Cloud computing.  It’s in the cloud. What do those terms mean?  Here are the basics.


An example of a serverFirst–What’s a cloud?  It’s a server.

OK–What’s a server?

It’s a machine in the computing world that allows one to upload and download data. It’s a type of storage shed. The picture to the left is an example of a server.

What do you mean by data?

Documents, presentations, spreadsheets. photos, surveys.

All of the big digital companies–Apple, Microsoft, Google, plus many more–provide limited, free access to consumers to their servers.


So where are these servers?

In a variety of places! Situated in very large buildings with high security, these servers hold that data of millions of users.  Below is a picture of a Google data center in Oklahoma.  It stores data from the midwest and western states.  You just can’t walk in–there is a gate with a guard. It’s a very impressive installation!


 OK–I get that the “cloud” is a pretty name for a server. But, what goes in the cloud?

Lots of things. Here’s a graphic that might make things a little clearer.

Screen Shot 2017-02-06 at 9.06.35 PM

The first line is the company.

Second line is the name given to that particular company’s cloud.

The third line provides examples of things that are stored or created in the cloud.

Finally, the last lines explain how ones accesses the particular cloud.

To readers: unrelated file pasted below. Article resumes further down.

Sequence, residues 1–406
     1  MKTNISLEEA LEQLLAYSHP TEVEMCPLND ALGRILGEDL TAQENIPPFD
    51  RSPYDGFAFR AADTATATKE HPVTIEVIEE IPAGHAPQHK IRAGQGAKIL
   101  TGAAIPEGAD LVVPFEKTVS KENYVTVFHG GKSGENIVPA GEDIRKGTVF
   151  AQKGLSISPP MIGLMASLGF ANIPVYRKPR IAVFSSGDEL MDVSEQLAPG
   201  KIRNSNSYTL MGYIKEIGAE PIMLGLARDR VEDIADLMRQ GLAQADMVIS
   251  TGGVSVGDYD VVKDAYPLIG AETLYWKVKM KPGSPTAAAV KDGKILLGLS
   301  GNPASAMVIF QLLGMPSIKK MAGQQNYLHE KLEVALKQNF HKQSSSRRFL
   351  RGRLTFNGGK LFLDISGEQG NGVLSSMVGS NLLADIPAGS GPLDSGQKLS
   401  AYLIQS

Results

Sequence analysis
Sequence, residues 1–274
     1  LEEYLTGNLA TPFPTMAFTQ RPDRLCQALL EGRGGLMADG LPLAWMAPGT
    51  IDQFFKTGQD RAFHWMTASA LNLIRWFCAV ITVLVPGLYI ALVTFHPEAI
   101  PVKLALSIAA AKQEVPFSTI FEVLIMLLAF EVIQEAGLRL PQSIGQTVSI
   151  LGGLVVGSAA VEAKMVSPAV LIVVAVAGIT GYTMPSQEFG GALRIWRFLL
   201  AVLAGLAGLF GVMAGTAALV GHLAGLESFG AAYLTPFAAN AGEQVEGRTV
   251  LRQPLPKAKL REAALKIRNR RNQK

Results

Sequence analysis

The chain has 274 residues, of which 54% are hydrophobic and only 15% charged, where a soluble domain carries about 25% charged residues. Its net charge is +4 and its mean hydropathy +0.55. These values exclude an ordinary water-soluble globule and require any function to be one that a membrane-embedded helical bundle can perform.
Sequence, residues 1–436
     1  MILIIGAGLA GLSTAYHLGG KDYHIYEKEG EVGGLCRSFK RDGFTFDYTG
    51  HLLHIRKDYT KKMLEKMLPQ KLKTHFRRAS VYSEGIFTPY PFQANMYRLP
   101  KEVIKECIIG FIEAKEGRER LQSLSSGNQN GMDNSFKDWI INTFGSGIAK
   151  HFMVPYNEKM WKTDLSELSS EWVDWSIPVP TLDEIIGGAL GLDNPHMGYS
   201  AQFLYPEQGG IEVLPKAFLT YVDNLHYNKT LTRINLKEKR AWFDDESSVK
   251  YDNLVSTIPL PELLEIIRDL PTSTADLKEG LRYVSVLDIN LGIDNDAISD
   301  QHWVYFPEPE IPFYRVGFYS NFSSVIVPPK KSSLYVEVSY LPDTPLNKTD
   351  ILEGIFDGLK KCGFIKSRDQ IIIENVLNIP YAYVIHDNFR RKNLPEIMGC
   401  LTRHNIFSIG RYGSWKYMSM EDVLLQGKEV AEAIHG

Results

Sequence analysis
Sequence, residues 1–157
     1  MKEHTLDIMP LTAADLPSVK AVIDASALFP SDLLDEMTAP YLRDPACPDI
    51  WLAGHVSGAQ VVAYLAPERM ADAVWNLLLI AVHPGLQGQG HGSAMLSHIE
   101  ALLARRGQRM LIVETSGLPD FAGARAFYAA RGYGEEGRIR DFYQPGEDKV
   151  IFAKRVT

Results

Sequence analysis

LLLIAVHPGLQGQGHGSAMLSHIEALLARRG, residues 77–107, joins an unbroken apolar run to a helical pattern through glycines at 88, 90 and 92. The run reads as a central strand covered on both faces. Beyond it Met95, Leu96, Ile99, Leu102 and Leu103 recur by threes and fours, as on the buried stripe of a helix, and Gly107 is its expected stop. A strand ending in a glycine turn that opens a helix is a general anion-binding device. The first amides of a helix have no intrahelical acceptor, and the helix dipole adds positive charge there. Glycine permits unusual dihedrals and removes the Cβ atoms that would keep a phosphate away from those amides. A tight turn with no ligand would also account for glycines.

What are the advantages of using a cloud?

  1. Free backup (to a point).
  2. If you create and save in the cloud you are not using memory on your computer.
  3. You can access the information anywhere in the world on almost any device.
  4. You can share and collaborate on projects across the world.
  5. Working in the cloud makes telecommuting pretty easy.

What else is in the cloud?

  1. Games  Do you play Words with Friends?  That’s all in the cloud.
  2. Your Kindle books
  3. Snapfish photos
  4. Pinterest boards
  5. Lots more.

Are there disadvantages?

You have to have access to the internet for the most part unless you have downloaded specific items to your device.  For example, when you purchase a Kindle book, it stays in the cloud until you download it.  If you delete the book from your device, it stays in the Amazon (Kindle) cloud. That means you can download it again or on to a different device. You have to go into settings to totally delete a book from your account.  Hint–if you want to access your Kindle books before you fly, make sure you download them before you get on the plane.  Google Drive does have an option for working offline.

What about safety?

  1. Nothing is ever 100% secure–we have all seen examples of big companies being hacked.
  2. Businesses pay big bucks for their data to be encrypted.
  3. Free cloud storage is not encrypted.  Be careful what you store there. Do your research.  Everyone has to figure out their own level of comfort with storing data in the cloud.


Image of server from

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